A Content Delivery Network is a network of servers around the world that can be used to offer resources to users without having to pull them from the source server which is limited to one location. This makes the use of a CDN especially usefull for websites that operate globally, like the Joomlaseo.com website, which attracts users from all continents:
Especially if you suspect your site is often accessed from developing countries, a CDN becomes even more efficient, as the infrastructure is often less advanced. Even if you think your website is very fast, it may not be the case in say, Gambia.
But even sites that only target a specific country will always have users that travel and want to access the site from abroad. Also, countries like the USA, Russia, China, etc. are too large to be served efficiently from just one location. So, enough reasons to implement a CDN, especially as it is does not have to be very difficult or expensive.
What does a CDN do?
A CDN fetches the files of your website, and distributes them to datacenters all over the world. Based on how you set it up, the static files will be served from the CDN, which will usually be:
- css files
- local webfonts
Anything non-static, like the ever-changing content of your articles, i.e. the HTML files, should not be fetched from the CDN. Often, 75% of the size of your website will now be pulled from the nearest server of your CDN provider.
When you implement a CDN on your website, you basically configure the static content to be pulled from the CDN.Let's look at an example for an image. Without a CDN the image would be fetched as follows:
<img src="/images/seo-joomla.jpg." />
After the CDN is activated this will be:
<img src="/https://cdn-url-xxxxx.netdna-cdn.com/images/seo-joomla.jpg" />
You clearly see the difference: instead of the relative URL that would pull the image from the website's domain, it is pre-pended with the domain of the Content Delivery Network. For URLs for your CSS and Javasscript files it does not matter too much that these URLs are a bit long and funny, but with a reputable CDN host you can often fix this. You are then requested to configure a CNAME record on your domain, say cdn.joomlaseo.com, and your files then seem hosted on a subdomain of your own site instead of directly on the CDN. If ths sounds complicated, just forget it, usually you should be fine without any issues. However, if you want to configure your CDN with a custom domain, I have a very in-depth blogpost about this.
Implementation of a CDN
If you want to use a CDN with Joomla, usually you will have to go through 2 major steps:
- Sign up with a CDN service. There are many, some expensive, some cheap or even free, or services that only bill used bandwidth, which make them nice for smaller sites.
- Configure the CDN in Joomla, usually using an extension.
As an alternative, you can choose a webhost that offers CDN functionality through their Cpanel. Siteground.com is an example, where you can switch on the CDN without any configuration in Joomla.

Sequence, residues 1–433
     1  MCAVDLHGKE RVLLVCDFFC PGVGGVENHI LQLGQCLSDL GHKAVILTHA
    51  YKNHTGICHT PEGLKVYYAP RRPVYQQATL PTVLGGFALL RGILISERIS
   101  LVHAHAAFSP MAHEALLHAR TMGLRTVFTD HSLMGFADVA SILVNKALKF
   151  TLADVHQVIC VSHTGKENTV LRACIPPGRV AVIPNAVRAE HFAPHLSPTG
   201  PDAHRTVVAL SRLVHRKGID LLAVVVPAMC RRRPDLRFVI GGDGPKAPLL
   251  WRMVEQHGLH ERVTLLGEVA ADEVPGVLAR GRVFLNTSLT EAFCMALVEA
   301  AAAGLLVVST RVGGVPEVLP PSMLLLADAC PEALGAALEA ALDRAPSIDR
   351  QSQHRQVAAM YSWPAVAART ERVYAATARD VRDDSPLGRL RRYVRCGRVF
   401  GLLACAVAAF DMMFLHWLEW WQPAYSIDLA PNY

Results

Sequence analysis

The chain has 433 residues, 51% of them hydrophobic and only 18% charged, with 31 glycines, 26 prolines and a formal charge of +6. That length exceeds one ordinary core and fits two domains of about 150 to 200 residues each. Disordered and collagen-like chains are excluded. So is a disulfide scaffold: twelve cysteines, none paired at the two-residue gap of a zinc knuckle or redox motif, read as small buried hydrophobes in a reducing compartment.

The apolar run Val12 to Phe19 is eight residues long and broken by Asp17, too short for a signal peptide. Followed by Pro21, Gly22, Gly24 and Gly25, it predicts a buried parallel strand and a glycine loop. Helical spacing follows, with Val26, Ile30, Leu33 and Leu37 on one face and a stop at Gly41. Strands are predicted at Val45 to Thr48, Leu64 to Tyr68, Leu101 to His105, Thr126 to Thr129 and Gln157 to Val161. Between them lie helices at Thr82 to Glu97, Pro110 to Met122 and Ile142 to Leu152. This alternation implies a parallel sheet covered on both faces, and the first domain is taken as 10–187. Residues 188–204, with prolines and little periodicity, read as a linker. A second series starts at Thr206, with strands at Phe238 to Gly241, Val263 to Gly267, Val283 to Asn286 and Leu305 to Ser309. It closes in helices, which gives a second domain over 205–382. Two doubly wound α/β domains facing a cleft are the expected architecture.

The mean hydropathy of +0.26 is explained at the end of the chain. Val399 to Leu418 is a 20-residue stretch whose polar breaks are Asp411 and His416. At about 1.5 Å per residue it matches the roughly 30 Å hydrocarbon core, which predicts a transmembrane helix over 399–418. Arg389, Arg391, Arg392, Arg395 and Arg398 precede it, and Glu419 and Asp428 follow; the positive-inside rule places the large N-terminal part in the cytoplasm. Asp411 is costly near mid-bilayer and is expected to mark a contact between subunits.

When selecting a CDN, check their reputation in the forums, their price, and any possible conflicts they could have with Joomla. Also check any requirements they might have. An example is CloudFlare, which forces you to have a website accessible through www-. Much used services are:
- KeyCDN: Easy to implement and quite cheap for smaller sites ($0.04 for the first 10TB). Recommended, and used on this site.
- MaxCDN Content Delivery Network: Fast, and they also offer free shared SSL.
- Cloudflare: Recommended, and very easy to set up, especially for Siteground customers (they can use it for free!)
- Amazon Cloudfront
For most providers, some basic configuration is usually needed on the CDN side. You will usually have to enter your site first, plus some additional settings. Some of these settings will then have to be entered in the plugin settings of the plugin that you choose in Joomla.
An exception is the free Cloudflare integration for Siteground customers. In this case, you can activate the CDN from within the Siteground Cpanel settings. Click the Cloudflare button, enter you email for a free Cloudflare account, and your CDN is immediately ready, without any further configuration (see their tutorial).
Currently a number of CDN Extensions are listed in the JED. Usually you need one of these to set up the integration:
- CDN for Joomla by NoNumber: For any CDN that supports pull-zones
- JomCDN by CorePHP: Only for Amazon S3 / Cloudfront and MaxCDN
- JA Amazon S3: Specifically for integration with Amazon S3 / Cloudfront
An extension that might not pop-up immediately when you look for plugins to support CDN's is Jbetolo. Between all the other tools to enhance website speed, it also offers CDN functionality in one of the advanced tabs, though currently limited to Amazon Cloudfront and MaxCDN. Set-up for all these plugins is usually pretty easy to do, depending on which one you choose.
How to implement the different CDN's
Now that we covered the basics of CDN's, let me show you quickly how to actually implement the different providers in Joomla. The most used ones are MaxCDN, Cloudflare and Amazon Cloudfront. I will discuss the basics of these 3: